Out-Law / Your Daily Need-To-Know

Pandemic drives increase in vulnerable customer numbers in UK financial services

Out-Law News | 18 Feb 2021 | 11:14 am | 2 min. read

The number of financial services customers that could be classed as 'vulnerable' increased 15% over the initial months of the Covid-19 pandemic in the UK, and now stands at 27.7 million, a recent survey by the Financial Conduct Authority (FCA) has found.

The FCA undertook two surveys in 2020, in February and in October. It found the number of customers displaying characteristics of vulnerability in UK financial services – from those who have physical and mental health issues, to others showing signs of being affected by life events such as bereavement, or with low financial resilience – rose by 3.7m adults over that period from 24m adults according to the first survey

Cavill Jonathan

Jonathan Cavill

Senior Associate

It is likely that the financial consequences of Covid-19 on customers will remain for a number of years and firms will continue to develop improvements to help those who need it most

Jonathan Cavill of Pinsent Masons, the law firm behind Out-Law, who specialises in financial regulation concerning vulnerable customers, said the findings of the survey "set out a stark reality of how Covid-19 has negatively impacted individuals with respect to financial resilience, vulnerabilities such as mental health, and customer interaction with the financial services sector generally".

"We have seen the industry in many places rising to the challenge to help customers during this challenging time; for example taking steps to ease financial hardship and making changes to account for lockdown measures and the strain on mental health," Cavill said. "It is likely that the financial consequences of Covid-19 on customers will remain for a number of years and firms will continue to develop improvements to help those who need it most."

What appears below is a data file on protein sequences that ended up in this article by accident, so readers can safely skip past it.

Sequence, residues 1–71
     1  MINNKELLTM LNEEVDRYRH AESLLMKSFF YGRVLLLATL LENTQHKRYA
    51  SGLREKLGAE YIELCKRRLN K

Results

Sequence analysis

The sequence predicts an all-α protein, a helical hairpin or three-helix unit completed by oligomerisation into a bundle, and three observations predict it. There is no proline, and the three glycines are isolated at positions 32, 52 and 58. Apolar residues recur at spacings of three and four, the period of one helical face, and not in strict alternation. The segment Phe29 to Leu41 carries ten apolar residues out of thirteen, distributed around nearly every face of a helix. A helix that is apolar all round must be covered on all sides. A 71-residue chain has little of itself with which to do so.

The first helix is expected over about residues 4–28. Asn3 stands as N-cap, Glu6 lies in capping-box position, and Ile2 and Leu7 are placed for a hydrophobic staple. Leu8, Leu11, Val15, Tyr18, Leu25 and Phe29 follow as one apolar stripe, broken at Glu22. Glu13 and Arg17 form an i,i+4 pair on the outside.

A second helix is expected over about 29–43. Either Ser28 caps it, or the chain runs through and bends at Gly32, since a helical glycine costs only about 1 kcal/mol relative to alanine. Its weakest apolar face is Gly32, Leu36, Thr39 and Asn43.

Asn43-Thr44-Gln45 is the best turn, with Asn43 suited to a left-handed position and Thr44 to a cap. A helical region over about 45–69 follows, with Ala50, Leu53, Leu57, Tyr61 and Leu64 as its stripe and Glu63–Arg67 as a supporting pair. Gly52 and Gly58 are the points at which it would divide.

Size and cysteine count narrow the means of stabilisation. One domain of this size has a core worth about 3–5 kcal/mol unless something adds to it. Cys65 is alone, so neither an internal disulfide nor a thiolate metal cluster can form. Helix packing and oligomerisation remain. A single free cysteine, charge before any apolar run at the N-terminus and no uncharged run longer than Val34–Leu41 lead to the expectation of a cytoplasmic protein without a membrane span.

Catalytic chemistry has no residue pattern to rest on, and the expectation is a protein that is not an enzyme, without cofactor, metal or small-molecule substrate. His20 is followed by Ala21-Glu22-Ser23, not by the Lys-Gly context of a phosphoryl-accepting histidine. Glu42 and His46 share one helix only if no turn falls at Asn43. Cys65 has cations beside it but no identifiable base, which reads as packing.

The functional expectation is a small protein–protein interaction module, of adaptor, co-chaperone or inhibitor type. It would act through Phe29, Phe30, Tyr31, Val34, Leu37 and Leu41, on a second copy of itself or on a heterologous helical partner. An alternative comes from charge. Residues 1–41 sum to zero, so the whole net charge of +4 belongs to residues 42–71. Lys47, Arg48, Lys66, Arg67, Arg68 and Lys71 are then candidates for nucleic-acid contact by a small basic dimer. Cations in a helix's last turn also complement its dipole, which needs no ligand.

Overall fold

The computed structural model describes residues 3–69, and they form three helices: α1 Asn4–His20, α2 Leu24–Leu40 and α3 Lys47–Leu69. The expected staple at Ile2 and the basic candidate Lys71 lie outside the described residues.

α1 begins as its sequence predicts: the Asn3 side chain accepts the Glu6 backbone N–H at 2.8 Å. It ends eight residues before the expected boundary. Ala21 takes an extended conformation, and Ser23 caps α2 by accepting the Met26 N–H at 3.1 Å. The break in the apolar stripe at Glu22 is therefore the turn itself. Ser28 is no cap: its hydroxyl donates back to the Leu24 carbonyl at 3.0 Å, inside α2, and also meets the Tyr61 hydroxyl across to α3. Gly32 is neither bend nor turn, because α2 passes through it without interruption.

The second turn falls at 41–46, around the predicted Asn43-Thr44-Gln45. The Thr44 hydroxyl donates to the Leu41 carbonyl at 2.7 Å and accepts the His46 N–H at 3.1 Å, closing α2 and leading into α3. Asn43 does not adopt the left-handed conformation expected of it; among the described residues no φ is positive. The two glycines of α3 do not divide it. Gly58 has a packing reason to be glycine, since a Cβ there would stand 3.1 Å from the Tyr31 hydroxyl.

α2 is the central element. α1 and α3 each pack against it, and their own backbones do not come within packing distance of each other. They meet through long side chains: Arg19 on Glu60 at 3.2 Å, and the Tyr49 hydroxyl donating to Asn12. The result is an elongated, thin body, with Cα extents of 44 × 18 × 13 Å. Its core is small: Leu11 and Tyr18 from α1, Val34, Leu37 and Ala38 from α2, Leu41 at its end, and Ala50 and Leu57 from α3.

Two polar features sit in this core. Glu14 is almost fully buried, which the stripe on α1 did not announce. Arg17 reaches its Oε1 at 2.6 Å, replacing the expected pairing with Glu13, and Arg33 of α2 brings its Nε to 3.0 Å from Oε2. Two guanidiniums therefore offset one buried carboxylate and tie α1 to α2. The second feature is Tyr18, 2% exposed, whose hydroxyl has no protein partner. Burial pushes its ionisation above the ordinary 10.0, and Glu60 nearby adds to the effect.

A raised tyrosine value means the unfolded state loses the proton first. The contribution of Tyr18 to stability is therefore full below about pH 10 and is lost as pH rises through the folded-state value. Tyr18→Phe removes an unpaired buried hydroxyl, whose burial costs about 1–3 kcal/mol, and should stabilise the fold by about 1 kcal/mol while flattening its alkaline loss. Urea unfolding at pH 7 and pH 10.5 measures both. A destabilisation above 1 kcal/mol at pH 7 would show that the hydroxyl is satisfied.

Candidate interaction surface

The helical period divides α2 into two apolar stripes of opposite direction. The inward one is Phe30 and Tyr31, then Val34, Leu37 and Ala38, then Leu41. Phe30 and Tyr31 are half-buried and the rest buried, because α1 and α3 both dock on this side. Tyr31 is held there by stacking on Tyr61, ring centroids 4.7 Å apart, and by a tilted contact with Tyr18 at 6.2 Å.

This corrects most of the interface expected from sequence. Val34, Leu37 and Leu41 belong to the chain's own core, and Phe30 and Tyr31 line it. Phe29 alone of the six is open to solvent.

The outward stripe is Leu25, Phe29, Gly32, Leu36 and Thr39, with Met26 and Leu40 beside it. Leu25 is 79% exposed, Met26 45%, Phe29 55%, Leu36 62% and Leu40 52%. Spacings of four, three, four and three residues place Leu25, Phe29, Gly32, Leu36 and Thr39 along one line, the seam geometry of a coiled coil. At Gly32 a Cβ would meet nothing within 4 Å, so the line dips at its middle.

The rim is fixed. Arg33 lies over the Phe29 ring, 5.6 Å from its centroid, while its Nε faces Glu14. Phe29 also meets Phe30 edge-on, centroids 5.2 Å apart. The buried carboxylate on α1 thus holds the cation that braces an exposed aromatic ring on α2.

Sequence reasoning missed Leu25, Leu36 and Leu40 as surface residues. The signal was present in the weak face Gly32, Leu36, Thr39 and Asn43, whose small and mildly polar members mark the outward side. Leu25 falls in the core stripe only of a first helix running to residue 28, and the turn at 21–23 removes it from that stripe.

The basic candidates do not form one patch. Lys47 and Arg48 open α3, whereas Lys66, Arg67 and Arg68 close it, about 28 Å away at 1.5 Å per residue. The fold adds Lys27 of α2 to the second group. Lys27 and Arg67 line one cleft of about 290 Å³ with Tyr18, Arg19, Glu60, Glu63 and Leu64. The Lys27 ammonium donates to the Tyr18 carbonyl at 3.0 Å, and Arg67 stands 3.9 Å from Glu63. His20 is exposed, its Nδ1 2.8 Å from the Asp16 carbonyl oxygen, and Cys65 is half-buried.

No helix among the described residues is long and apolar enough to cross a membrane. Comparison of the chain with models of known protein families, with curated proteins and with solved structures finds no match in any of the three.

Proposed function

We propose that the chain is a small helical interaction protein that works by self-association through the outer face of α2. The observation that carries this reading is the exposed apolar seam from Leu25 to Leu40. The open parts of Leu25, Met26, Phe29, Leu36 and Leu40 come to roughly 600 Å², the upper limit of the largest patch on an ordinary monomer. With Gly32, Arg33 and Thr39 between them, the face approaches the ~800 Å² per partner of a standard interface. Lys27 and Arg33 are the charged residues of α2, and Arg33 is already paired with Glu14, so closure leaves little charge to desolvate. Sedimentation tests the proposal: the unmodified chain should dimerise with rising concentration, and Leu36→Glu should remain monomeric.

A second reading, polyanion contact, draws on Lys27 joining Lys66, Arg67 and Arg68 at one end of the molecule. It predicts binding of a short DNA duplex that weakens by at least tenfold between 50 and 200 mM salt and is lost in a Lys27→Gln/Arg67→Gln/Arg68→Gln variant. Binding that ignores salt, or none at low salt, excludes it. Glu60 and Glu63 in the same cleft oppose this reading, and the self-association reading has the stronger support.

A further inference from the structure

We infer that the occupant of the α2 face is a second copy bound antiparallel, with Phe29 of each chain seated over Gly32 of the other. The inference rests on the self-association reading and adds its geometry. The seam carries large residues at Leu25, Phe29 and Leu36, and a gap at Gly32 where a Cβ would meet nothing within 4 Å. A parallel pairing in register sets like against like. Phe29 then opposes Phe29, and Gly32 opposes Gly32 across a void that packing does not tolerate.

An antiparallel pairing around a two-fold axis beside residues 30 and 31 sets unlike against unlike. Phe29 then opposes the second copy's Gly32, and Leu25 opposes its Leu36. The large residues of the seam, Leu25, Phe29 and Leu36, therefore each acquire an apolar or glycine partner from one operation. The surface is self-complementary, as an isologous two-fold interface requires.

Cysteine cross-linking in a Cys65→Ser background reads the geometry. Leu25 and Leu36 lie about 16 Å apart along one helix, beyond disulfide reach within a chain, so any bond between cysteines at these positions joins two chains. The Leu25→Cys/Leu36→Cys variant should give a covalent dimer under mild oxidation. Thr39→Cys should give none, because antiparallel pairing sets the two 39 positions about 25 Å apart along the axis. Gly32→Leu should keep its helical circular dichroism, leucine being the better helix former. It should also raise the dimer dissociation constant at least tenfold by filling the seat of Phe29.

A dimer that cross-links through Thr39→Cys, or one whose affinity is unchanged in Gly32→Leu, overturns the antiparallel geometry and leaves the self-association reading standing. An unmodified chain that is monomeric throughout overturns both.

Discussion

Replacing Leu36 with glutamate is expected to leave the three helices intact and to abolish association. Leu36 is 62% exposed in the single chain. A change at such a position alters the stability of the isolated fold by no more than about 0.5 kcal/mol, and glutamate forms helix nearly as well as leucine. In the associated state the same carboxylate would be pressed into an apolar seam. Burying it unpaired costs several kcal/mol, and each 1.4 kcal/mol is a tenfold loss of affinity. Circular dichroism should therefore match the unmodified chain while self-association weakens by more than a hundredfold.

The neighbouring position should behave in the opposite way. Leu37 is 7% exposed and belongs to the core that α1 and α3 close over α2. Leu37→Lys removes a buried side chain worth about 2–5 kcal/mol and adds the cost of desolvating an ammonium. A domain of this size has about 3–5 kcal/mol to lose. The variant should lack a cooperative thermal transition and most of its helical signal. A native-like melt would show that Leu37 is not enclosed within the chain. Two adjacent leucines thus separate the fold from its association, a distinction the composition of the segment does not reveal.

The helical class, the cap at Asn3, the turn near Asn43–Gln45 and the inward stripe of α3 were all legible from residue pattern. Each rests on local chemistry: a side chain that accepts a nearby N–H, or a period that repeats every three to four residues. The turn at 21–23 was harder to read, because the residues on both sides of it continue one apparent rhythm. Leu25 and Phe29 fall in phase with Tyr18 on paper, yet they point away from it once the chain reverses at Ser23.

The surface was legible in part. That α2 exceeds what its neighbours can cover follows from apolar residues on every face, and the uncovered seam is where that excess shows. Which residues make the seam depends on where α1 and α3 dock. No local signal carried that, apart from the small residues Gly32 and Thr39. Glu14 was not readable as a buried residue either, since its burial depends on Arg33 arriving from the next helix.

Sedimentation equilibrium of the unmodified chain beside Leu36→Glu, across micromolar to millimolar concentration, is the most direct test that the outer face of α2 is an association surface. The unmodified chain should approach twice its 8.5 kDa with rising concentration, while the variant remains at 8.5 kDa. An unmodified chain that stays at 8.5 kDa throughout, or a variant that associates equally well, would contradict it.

"Similarly, there are issues regarding customer vulnerability which exist independently of Covid-19 and those will need to be continually addressed and improved upon to ensure the fair treatment of vulnerable customers," he said.

The FCA has committed to protecting the most vulnerable consumers during the pandemic, ensuring that they can get the financial services that they need. In its 2020/2021 business plan it stated that it will be focusing on the longer term economic impacts of Covid-19, which necessarily includes ensuring that vulnerable customers are protected. 

Nisha Arora, director of consumer and retail policy at the FCA, said: "While there are some positives in the data, many of the findings are worrying. Since the start of the pandemic, the number of people experiencing low financial resilience or negative life events has grown [from 10.7 million to 14.2 million]. The pain is not being shared equally with a higher than average proportion of younger and BAME adults becoming vulnerable since March. It is likely the picture will have got worse since we conducted the survey."

"Vulnerability remains a key focus for the FCA, and has been brought into sharp relief by the pandemic. We continue to work with the wider financial services sector, including businesses, regulators and government to support and protect consumers. We expect to finalise our guidance on how firms should treat vulnerable customers shortly," Arora said.

According to the FCA survey findings, a growing number of financial services customers in the UK are reporting mental health issues. The regulator said 18% of respondents said they had a mental health condition or illness in its October 2020 survey, up from 12% in the February survey. A sizeable minority of those customers - 43% - were adults aged between 18 and 34 years.

Last year, a survey of more than 1,000 adults carried out by Pinsent Masons identified scope for banks to further leverage data-driven and technological solutions to help their customers better manage both their money and mental health.

Jonathan Cavill and colleague Kathryn Wynn, also of Pinsent Masons, acknowledged though that banks face a challenge in reconciling their obligations under data protection law with the expectations of the FCA over their treatment of vulnerable customers.